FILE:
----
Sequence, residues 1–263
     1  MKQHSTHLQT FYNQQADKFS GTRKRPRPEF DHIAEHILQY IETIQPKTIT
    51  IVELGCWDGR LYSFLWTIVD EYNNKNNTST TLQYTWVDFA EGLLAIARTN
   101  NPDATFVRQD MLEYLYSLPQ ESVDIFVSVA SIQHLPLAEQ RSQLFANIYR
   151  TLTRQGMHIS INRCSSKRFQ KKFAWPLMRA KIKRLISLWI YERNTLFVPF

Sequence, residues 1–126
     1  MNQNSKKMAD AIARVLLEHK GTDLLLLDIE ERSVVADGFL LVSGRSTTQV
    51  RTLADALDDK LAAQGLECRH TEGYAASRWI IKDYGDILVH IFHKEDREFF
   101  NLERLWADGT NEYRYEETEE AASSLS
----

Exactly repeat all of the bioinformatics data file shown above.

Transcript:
Sequence, residues 1–263
     1  MKQHSTHLQT FYNQQADKFS GTRKRPRPEF DHIAEHILQY IETIQPKTIT
    51  IVELGCWDGR LYSFLWTIVD EYNNKNNTST TLQYTWVDFA EGLLAIARTN
   101  NPDATFVRQD MLEYLYSLPQ ESVDIFVSVA SIQHLPLAEQ RSQLFANIYR
   151  TLTRQGMHIS INRCSSKRFQ KKFAWPLMRA KIKRLISLWI YERNTLFVPF

Sequence, residues 1–126
     1  MNQNSKKMAD AIARVLLEHK GTDLLLLDIE ERSVVADGFL LVSGRSTTQV
    51  RTLADALDDK LAAQGLECRH TEGYAASRWI IKDYGDILVH IFHKEDREFF
   101  NLERLWADGT NEYRYEETEE AASSLS